California`s PG&E Looks to Estimating Department for Efficiency
By James D. Black, Black & Gorman LLC
In the late 1980s, Pacific Gas & Electric (PG&E) saw the writing on the wall. With more than 94,000 square miles of service territory, PG&E began to mobilize for the day when competition would inevitably come to the electric industry.
Traditionally, utilities tended to marginally overbuild outside plant facilities because the extra expense could be absorbed into the rate base. In a service territory with only one electricity provider, service installation turn-around time was not a critical profitability factor. But, faced with deregulation, PG&E recognized quick turnaround on new service orders as a hallmark of competitive customer service, and decided that costing out each job to the penny could result in enormous savings. High priority was given to revamping the company`s estimating system.
Estimating involves a variety of manual and automated tools that have a direct impact on cycle time and the bottom-line cost of materials. The traditional estimating process includes creating a drawing of the job, leafing through supplier`s manuals for parts and specs and creating a bill of materials, ordering a labor estimate from field crew coordinators, and developing a work print. Streamlining this process was a logical way to increase efficiency.
By 1990, PG&E had developed DOS-based computer software in-house to perform electric estimating tasks which accessed the company`s Construction Cost Information System (CCIS), an Oracle relational database. Built with proprietary tools available to developers at the time, PG&E soon began looking for an outside company to combine its in-house software design with other software tools to provide greater functionality. Because it had a significant number of legacy CAD seats installed using Hitachi CADCore, a CAD platform software distributed by Information + Graphics Systems (IGS) of Boulder, Colo., PG&E elected to partner with IGS to enhance its estimating software using CADCore as the graphics engine. The software, then called IGS Estimator, was linked to the CCIS using standard SQL linkages.
In 1990, PG&E and IGS rolled out nearly 400 seats of the new IGS Estimator software enterprise-wide. By 1992, the IGS Estimator development team had calculated productivity increases of between 18 and 37 percent through the use of the Estimator package.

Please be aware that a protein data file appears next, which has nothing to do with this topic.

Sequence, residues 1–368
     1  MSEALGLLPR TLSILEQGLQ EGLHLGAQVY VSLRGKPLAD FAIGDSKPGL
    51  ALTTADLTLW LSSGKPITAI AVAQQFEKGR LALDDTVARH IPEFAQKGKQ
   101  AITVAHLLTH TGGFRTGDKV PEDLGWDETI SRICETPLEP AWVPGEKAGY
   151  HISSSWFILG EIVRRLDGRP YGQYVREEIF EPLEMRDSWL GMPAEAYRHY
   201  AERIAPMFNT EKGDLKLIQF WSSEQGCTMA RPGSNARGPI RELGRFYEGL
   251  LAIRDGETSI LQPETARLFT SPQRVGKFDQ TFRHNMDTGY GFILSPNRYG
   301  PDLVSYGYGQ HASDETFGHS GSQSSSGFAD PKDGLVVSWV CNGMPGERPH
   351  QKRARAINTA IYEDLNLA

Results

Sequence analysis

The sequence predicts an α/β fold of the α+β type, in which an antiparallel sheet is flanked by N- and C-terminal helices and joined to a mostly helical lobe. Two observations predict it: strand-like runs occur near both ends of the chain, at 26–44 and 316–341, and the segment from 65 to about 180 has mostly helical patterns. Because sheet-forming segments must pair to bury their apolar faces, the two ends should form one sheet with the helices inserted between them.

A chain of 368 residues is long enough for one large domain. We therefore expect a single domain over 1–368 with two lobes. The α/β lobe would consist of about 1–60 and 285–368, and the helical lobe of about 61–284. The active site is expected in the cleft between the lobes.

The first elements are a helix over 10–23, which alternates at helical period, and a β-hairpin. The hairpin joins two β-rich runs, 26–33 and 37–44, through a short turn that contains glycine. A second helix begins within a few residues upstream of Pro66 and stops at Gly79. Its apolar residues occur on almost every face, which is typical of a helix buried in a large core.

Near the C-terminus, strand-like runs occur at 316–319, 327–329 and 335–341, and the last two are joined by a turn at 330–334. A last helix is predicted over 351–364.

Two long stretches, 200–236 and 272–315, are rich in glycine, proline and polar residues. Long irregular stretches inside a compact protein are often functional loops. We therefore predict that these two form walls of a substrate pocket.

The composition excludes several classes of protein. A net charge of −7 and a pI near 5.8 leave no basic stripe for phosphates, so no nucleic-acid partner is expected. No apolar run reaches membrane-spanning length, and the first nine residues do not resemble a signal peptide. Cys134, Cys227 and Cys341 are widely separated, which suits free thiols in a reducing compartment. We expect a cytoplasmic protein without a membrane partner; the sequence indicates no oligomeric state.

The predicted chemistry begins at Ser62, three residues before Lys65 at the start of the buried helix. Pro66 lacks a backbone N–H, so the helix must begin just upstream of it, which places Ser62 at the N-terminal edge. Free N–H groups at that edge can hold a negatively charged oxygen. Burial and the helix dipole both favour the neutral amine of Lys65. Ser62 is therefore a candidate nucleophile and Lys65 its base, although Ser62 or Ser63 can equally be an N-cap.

In March of last year, to enable third-party application developers, IGS transferred IGS Estimator intellectual property rights to SophSys, Inc., (Lafayette, Colo.) in return for royalties on future sales. Realizing that the product would have to be made accessible to utilities operating on other platforms, SophSys completed the development efforts begun at IGS to port the software to AutoCAD, Windows 95 and NT to provide for greater speed, greater user acceptance and compatibility with other applications. In order to give the product a distinct identity, SophSys renamed the software Sherpa.
“Sherpa is the next step in automated estimating and distribution of engineering requirements for both central control and individual customization,” said Jerry Kennedy, SophSys president, who served as chief project manager during the development phase of IGS Estimator. For reasons of continuity and as an investment in an organization-wide software system, PG&E approved the roll out of the new version of Sherpa with 825 seats in late 1997.
Intelligence & Efficiency
TAG was originally a self-explanatory term that referred to a pallet in the warehouse yard containing a standard collection of hardware, such as wire and connectors, needed to do a common and recurring job, such as replacing a power pole following a car accident or installing a new service drop. There was literally a tag attached to each pallet with a number corresponding to a type of work order. In Sherpa, the TAG tool is a drawing template which creates a predefined construction configuration according to work order type corresponding to the pallet tag which can be used as-is or be quickly edited to conform to individual field situations.
Contrary to conventional wisdom which states that estimating tools should extract quantity information for estimates from graphic files, Sherpa generates the estimate from an “intelligent” ruleblock system. This means that, unlike most estimating programs which require that drawings be absolutely correct, the new estimating tool does not rely totally on the accuracy and scale of drawings. An estimator need only assign a value to a line in order to generate a cost for that particular component.